In the Middle Ages, an affinity was a collective name for the group of (usually) men a lord gathered around himself in his service; it has been described by one modern historian as "the servants, retainers, and other followers of a lord",[1] and as "part of the normal fabric of society".[2] It is considered a fundamental aspect of bastard feudalism,[3] and acted as a means of tying magnates to the lower nobility, just as feudalism had done in a different way.[4] One form of the relationship was known as livery and maintenance
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Royal Family
A royal family is the immediate family of a king or queen regnant, and sometimes his or her extended family. The term imperial family appropriately describes the family of an emperor or empress, and the term papal family describes the family of a pope, while the terms baronial family, comital family, ducal family, grand ducal family, or princely family are more appropriate to describe the relatives of a reigning baron, count, duke, grand duke, or prince. However, in common parlance members of any family which reigns by hereditary right are often referred to as royalty or "royals." It is also customary in some circles to refer to the extended relations of a deposed monarch and his or her descendants as a royal family. A dynasty is sometimes referred to as "the House of ..."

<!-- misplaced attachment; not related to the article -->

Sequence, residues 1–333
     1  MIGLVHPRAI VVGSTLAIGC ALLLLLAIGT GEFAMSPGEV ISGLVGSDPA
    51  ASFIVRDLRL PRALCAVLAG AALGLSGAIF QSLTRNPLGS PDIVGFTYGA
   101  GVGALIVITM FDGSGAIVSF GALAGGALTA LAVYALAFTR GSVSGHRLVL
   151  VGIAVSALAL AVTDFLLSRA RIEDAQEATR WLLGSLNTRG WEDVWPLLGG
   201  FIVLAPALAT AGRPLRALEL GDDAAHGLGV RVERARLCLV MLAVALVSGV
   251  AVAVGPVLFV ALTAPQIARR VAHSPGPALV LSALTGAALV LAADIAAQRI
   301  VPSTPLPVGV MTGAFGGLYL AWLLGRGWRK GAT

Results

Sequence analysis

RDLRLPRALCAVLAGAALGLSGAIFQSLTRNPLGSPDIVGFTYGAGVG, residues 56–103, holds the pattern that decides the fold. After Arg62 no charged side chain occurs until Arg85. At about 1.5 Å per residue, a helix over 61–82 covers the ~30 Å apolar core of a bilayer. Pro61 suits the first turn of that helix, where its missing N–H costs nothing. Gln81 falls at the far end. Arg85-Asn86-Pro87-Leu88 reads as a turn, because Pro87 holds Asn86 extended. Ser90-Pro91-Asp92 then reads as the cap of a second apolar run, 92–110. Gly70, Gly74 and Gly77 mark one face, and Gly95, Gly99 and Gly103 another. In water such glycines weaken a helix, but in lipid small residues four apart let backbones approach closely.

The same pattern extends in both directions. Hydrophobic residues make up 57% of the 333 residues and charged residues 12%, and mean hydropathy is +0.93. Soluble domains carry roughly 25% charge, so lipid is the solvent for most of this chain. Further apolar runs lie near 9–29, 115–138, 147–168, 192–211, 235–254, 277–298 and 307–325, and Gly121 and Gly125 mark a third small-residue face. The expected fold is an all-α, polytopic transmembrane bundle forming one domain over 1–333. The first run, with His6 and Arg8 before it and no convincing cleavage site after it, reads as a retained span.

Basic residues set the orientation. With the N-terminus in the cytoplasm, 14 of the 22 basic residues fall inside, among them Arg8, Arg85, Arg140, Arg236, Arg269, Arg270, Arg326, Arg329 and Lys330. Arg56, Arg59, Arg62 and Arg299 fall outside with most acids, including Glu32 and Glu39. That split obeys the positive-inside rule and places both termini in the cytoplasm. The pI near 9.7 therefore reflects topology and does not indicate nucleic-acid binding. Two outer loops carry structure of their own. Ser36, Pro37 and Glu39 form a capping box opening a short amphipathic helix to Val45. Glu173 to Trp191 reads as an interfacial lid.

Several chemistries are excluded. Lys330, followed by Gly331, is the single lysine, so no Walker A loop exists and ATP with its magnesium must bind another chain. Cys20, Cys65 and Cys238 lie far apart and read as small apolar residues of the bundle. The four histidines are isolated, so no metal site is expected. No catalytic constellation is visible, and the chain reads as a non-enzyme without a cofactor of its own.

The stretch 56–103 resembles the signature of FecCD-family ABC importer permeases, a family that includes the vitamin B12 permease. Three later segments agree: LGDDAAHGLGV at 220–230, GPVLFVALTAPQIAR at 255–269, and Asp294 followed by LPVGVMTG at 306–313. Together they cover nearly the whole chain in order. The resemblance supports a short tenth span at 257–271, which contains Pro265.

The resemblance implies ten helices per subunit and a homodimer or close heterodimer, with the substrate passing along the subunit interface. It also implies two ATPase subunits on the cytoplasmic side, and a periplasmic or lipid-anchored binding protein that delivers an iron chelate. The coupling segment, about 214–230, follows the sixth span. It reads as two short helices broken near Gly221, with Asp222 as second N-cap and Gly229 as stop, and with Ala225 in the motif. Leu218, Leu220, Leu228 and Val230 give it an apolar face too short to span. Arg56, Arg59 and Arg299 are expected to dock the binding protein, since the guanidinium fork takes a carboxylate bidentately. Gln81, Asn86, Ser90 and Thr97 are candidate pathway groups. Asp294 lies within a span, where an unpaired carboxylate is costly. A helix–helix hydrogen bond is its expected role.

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Cohors Amicorum
Cohors amicorum is a Latin term, literally meaning "cohort of friends". The notion cohort is to be taken not in the strict, military sense (primarily the constitutive unit of a Roman legion; circa battalion), but indicated a fairly large number; accordingly, friend is to be taken in a loose sense, rather as in amicus curiae; compare the Hellenistic
Hellenistic
aulic title philos [basilikos]. Roman history[edit]Originally, since the Roman republic proper (i.e. before the Principate), the cohors amicorum was synonymous with the cohors praetoria (so called after the praetorium, the tent -in the field- or more permanent dwelling of a Roman commanding general, military headquarters but also site of his other actions, e.g
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Druzhina
Druzhina, drużyna, or družyna (Slovak: and Czech: družina; Polish: drużyna; Russian: дружи́на; Ukrainian: дружи́на, druzhýna literally a "fellowship") in the medieval history of Poland and Kievan Rus'
Kievan Rus'
was a retinue in service of a chieftain, also called knyaz. The name is derived from the Slavic word drug (друг) with the meaning of "companion, friend".[1][2] English equivalent is retinue.Contents1 Early Rus 2 Poland 3 See also 4 References 5 External linksEarly Rus[edit] Further information: Rus Khaganate
Rus Khaganate
and Kievan Rus In early Rus a druzhina helped the prince administer his principality and constituted the area's military force